Saturday, 16 February 2019

General Pavel supports sending Czech soldiers to Baltics

ČTK |
21 May 2018

Prague, May 20 (CTK) - It would be an extremely harmful compromise not to send Czech soldiers to the Baltics because of the Communists' demand in exchange for their toleration of the new government, General Petr Pavel, chairman of the NATO Military Committee, said in a debate on Czech TV on Sunday.

He hinted at the Communist demanding that the reinforcement of the Czech participation in foreign missions be deleted from the government policy statement, otherwise they would not support the nascent minority government of ANO and the Social Democrats (CSSD) in a confidence vote in the Chamber of Deputies .

Pavel also said in the Questions of Vaclav Moravec discussion programme that the NATO allies may perceive the Czech Republic not fulfilling the promise to increase its military budget as the violation of commitments.

The previous coalition government of Bohuslav Sobotka (CSSD) promised that the Czech Republic would spend 1.4 percent of GDP on defence by 2020. This deadline was postponed until 2021 in the policy statement of the possible ANO-CSSD government. Besides, the document does not mention a rise of the military expenditure to 2 percent of GDP by 2024, in harmony with the Czech Republic's commitments towards NATO.

Pavel admitted that the allies might view the discussions about lowering the military spendings as violations of NATO commitments.

However, most NATO members spend less than 2 percent of GDP on defence, which they pledged. Mainly the U.S. representatives criticise this as the U.S. defence spendings considerably exceed 3 percent of GDP.

The defence funding will be debated at the upcoming NATO summit, Pavel said. It is fully apparent that American President Donald Trump puts a great emphasis on how the countries are fulfilling their commitments in tis respect, Pavel noted.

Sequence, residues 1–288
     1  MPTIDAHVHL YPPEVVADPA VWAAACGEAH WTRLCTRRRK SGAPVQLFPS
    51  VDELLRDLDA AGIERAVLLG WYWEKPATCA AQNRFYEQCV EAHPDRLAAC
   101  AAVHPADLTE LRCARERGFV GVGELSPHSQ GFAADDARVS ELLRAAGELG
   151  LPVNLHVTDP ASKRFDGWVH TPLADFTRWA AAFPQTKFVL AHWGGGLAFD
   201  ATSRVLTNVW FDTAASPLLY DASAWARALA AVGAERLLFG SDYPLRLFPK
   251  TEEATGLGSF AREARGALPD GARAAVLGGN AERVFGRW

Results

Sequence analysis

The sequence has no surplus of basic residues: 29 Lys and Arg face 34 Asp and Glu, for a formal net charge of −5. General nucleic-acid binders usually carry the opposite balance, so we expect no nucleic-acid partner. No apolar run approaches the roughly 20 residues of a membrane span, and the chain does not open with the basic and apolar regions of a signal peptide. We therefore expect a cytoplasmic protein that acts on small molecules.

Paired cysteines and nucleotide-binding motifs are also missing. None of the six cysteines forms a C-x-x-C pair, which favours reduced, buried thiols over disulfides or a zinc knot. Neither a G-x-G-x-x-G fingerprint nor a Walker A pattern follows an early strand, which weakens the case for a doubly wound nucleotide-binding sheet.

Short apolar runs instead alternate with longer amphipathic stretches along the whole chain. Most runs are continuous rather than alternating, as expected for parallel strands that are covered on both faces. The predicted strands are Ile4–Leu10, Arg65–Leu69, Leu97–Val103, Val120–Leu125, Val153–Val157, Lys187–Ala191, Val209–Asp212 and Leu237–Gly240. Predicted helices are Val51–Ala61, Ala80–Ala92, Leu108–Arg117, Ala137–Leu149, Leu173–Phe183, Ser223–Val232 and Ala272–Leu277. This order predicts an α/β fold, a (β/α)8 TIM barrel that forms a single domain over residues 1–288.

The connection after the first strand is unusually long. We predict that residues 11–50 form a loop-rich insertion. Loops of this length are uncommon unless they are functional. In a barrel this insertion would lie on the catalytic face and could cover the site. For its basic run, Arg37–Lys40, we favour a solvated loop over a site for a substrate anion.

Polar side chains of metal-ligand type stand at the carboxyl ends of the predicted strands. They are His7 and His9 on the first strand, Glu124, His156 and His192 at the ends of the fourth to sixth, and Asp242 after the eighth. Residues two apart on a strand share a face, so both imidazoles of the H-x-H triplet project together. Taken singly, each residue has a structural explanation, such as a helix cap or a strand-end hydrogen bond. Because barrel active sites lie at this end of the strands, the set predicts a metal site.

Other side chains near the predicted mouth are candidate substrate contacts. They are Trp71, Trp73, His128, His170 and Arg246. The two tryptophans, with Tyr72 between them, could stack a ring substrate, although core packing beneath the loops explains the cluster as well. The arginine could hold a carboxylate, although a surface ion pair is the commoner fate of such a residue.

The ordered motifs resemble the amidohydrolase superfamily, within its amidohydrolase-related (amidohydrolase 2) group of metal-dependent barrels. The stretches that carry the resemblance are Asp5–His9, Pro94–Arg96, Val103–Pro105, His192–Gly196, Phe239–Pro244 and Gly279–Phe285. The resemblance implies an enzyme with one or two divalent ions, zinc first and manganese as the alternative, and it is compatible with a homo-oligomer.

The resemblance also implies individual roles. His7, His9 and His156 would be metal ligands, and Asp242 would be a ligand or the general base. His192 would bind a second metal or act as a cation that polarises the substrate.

The United States's warm stance on the particular countries would depend on this, he added.

The United States' relations to the countries that do not meet their commitment and above all will not be able to submit concrete plans in this area are likely to cool down. This will affect other spheres as well, Pavel said.

He also warned of not deploying the promised Czech contingent to the Baltics.

The government policy statement of the ANO and the CSSD counts with with the Baltic air policing along with the reinforcement of the Czech presence in the military missions in Iraq and Afghanistan. However, the Communists, on whose support the new cabinet would depend, oppose this.

Former U.N. General Assembly president and ex-foreign minister Jan Kavan (CSSD) and the director of International Relations Institute in Prague, Petr Kratochvil, agreed that the Communists were primarily against the Czech participation within NATO's enhanced forward presence mission in the Baltic area that is aimed against Russia.

Kavan said he would consider not sending Czech soldiers to the Baltic countries acceptable if this led to the formation of a stable government

Pavel, for his part, called this an extremely harmful compromise. "This would harm our relations not only with the Baltics and NATO's Eastern flank, but this would be perceived by the other partners who contribute to the NATO's enhanced forward presence as the lack of solidarity with and loyalty to the Alliance," Pavel said.

In an interview with the public Czech Radio, Pavel also criticised President Milos Zeman for quoting from the intelligence services' reports in the media in connection with the Novichok case.

Zeman said, referring to the alleged information from the military intelligence service, that the Novichok nerve agent, which was used to poison Russian double agent Sergei Skripal and his daughter in Britain, was really produced and tested in the Czech Republic in a small amount.

Pavel said this approach to a certain extent harmed the Czech Republic's reputation as a trustworthy partner.

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